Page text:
• Don't Try This at Home: Rarely; most experiments could be done at home if done as instructed and with parental supervision and no substitutions, and indeed, were often designed and were encouraged to be done by the children who watched the show.
  • Early-Installment Weirdness:
    • The Mad Libs Catchphrase intro to Beakmania didn't actually start until about the fifth episode. Also, in the pilot, Beakman didn't have his trademark lab coat, there was no Lovely Assistant, and Lester was a puppet (as operated by Mark Ritts).
    • Also, in the early episodes, it was implied that Lester was a professional actor who was stuck in a lousy job on a kids' science show. The later episodes don't mention this.
  • Edutainment Show: The show teaches kids about general science, although compared to its contemporary Bill Nye, Beakman's World skews more towards the entertainment side with slapstick and mild grossout humor.
  • Embarrassing Slide:
    • When Beakman did a slideshow about libraries, he accidentally put one in with him in his underwear.
    • A different slide show begins with Beakman on a slide.
  • End of an Era: Behind the scenes, this show was the last Columbia show to be produced (in name only) by ELP Communications, which was formerly Embassy Television (Norman Lear's former company acquired by Columbia in the 1980s; Embassy was merged into Columbia by 1988 but certain shows kept the ELP name in the copyright; most of these were produced by Embassy before the change or by some of the Embassy staff but after the merger)
  • Exact Words:
    • In one of the few times Lester was able to technically do the Beakman's challenge, Beakman challenged Lester to raise something without lifting up his arms. He had Beakman take it and then threatened him into lifting it.
    • The other way: Lester challenges Beakman to rip a phone book with his bare hands. Beakman calls over his pet bear Bruno to rip it for him. "This is my bear, and these are his hands!"
    • Some other gags are set up this way. Observe:
    Josie: MAIL CALL!
    Beakman: All right, Josie, what do we got?
    Josie: Mail. That's why I yelled Mail Call.
  • Excited Kids' Show Host: Beakman is a type 2, bordering on 3.
  • Exposition Already Covered: Normally when both Beakman and Lester are dealing with a problem it's Beakman who does the explanation. However, there are several times across the series when it's Lester the one who explains the solution to that particular problem. Subverted in that Beakman doesn't get annoy himself but asks Lester how he knew about the solution.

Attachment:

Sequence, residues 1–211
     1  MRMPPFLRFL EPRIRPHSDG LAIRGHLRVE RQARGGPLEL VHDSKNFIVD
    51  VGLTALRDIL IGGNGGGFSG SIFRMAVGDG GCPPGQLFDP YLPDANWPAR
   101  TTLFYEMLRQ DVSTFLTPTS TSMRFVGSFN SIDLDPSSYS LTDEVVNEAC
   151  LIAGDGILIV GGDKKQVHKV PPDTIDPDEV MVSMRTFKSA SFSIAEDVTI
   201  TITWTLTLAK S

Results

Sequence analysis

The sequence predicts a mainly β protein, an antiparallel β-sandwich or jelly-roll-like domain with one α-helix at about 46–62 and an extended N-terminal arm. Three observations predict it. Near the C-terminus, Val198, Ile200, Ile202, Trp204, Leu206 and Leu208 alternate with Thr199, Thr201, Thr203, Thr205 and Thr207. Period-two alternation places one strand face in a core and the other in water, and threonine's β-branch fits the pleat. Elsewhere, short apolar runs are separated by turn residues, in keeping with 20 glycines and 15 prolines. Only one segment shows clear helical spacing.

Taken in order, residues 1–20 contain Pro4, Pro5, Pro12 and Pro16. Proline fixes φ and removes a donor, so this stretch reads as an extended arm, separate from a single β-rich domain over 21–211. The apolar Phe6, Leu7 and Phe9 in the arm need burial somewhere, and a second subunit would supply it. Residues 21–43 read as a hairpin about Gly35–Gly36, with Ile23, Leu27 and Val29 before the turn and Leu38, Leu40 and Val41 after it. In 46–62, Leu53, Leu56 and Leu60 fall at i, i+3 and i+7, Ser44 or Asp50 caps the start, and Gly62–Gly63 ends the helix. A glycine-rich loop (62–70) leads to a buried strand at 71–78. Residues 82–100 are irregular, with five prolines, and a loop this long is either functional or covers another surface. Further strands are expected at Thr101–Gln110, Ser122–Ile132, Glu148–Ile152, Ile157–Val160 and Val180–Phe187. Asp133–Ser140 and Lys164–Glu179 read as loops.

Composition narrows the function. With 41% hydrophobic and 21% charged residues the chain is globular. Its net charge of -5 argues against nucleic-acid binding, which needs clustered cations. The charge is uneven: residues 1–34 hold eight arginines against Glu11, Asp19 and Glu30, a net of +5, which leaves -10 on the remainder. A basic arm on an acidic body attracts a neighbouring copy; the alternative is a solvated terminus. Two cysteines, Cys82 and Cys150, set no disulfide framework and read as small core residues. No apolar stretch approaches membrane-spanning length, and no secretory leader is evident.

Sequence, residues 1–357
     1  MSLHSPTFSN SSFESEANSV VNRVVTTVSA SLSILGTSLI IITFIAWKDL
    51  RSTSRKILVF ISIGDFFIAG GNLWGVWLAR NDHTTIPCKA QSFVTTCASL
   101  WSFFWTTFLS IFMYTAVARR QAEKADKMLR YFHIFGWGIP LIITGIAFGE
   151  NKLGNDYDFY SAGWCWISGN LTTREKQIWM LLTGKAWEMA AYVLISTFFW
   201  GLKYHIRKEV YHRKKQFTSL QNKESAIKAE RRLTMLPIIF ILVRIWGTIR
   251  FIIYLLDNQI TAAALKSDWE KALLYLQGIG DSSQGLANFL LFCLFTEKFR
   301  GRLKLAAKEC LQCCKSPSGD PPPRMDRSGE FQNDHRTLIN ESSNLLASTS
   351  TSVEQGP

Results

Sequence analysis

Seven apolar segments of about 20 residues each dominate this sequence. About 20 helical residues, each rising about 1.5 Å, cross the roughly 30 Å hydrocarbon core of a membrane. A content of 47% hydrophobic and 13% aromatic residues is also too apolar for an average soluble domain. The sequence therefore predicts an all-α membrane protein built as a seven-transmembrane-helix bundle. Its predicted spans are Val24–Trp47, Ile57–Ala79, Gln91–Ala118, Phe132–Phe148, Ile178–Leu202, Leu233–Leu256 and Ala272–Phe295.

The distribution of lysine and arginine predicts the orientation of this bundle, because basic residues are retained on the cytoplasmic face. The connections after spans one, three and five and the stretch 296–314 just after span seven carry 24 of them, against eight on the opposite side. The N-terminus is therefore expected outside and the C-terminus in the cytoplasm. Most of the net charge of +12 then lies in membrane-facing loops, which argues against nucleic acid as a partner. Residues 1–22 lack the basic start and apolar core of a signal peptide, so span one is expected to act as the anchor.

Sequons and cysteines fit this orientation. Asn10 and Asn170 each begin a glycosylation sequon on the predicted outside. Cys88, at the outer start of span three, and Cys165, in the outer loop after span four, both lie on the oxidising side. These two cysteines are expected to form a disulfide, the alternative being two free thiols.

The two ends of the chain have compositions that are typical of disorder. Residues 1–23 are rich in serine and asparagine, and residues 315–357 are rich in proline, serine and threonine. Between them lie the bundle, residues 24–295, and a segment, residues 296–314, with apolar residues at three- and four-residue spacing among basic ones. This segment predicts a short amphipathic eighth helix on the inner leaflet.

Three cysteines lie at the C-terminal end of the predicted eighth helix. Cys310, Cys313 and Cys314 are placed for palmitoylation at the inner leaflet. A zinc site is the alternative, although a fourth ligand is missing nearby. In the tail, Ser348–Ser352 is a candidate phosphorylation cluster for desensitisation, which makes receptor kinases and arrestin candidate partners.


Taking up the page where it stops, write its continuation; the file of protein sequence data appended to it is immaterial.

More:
• Eye Catch: The robotic-voiced bumpers, which, sadly, are not to be found on streaming prints (though, oddly, the BKN Eye Catch is on most of the first season episodes).
  • The Faceless: Ray the cameraman
  • Filling the Silence: The episodes themselves are unable to keep a lull of even a second; the plots move at breakneck speed to incorporate as much action as possible, all the characters are prone to unprompted bouts of yelling and speaking very quickly, and nearly every sudden movement is accompanied by an equally sudden Stock Sound Effect. It's almost like the entire show has ADHD.
  • Flanderization: Lester was originally just a trained actor who was hired on the show because he had a bad agent, but later became much more disgusting and obtuse.
  • Gasshole: Lester, of course.
    Phoebe: We better evacuate...before he does.
  • Gesundheit: When the caveman inventor of the wheel introduces himself, he gives the name "Og." "Og who?" "Gesundheit!" ...Lester then calls him "Mr. Gesundheit".
  • Got Me Doing It: A few times, either Lester or the assistant would end up accidentally picking up a Famous Dead Guy's accent. Of course, there were other times where it was intentional, too.
  • Greasy Spoon: Art's Diner.
  • Greek Chorus: Don and Herb
  • Hates the Job, Loves the Limelight: Lester, who routinely gripes about being stuck in a two-bit "lab rat" role.
  • Holding Both Sides of the Conversation: Lester does this several times with a hand puppet (literally) named "Scratchy the Chicken". He also does this with a poorly-constructed facsimile of a parrot to cover for not picking up the real one they were going to use.
  • Hurricane of Puns: Once an Episode by the time Phoebe came around, though the early episodes were no slouch when it came to wordplay either.
  • Humans Are the Real Monsters: The final "THOSE DISGUSTING ANIMALS!" named humans as the most disgusting animals of all, because they're the only animals that willingly feed themselves poison (smoking and drinking) and, while some animals live in the waste products of other animals, humans are disgusting enough to live in their own waste (pollution).
  • Hypocritical Humor: On the question "How can birds talk?" (and remember that Don and Herb are penguins):
    Don: Birds can talk?
    Herb: Where do they get this stuff?
    Don: Talking birds...
    Herb: Of all the ideas.
  • Iconic Item: Who else but Beakman wears a fluorescent green labcoat? Okay, other than him...
  • Last-Second Word Swap:
    • They have to get creative whenever they rhyme something ending in "ass". Example, one Beakmania introduces us to:
    Phoebe: The Ron Glass of you bet your...bass!